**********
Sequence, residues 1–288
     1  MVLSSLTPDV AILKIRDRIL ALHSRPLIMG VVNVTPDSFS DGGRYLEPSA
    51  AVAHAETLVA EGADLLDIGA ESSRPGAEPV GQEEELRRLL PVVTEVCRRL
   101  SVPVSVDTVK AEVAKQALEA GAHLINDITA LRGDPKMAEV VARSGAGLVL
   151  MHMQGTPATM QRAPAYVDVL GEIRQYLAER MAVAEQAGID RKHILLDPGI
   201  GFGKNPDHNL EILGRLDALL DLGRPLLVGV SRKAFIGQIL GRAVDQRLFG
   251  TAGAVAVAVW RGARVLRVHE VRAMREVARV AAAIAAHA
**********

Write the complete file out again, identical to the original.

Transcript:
Sequence, residues 1–288
     1  MVLSSLTPDV AILKIRDRIL ALHSRPLIMG VVNVTPDSFS DGGRYLEPSA
    51  AVAHAETLVA EGADLLDIGA ESSRPGAEPV GQEEELRRLL PVVTEVCRRL
   101  SVPVSVDTVK AEVAKQALEA GAHLINDITA LRGDPKMAEV VARSGAGLVL
   151  MHMQGTPATM QRAPAYVDVL GEIRQYLAER MAVAEQAGID RKHILLDPGI
   201  GFGKNPDHNL EILGRLDALL DLGRPLLVGV SRKAFIGQIL GRAVDQRLFG
   251  TAGAVAVAVW RGARVLRVHE VRAMREVARV AAAIAAHA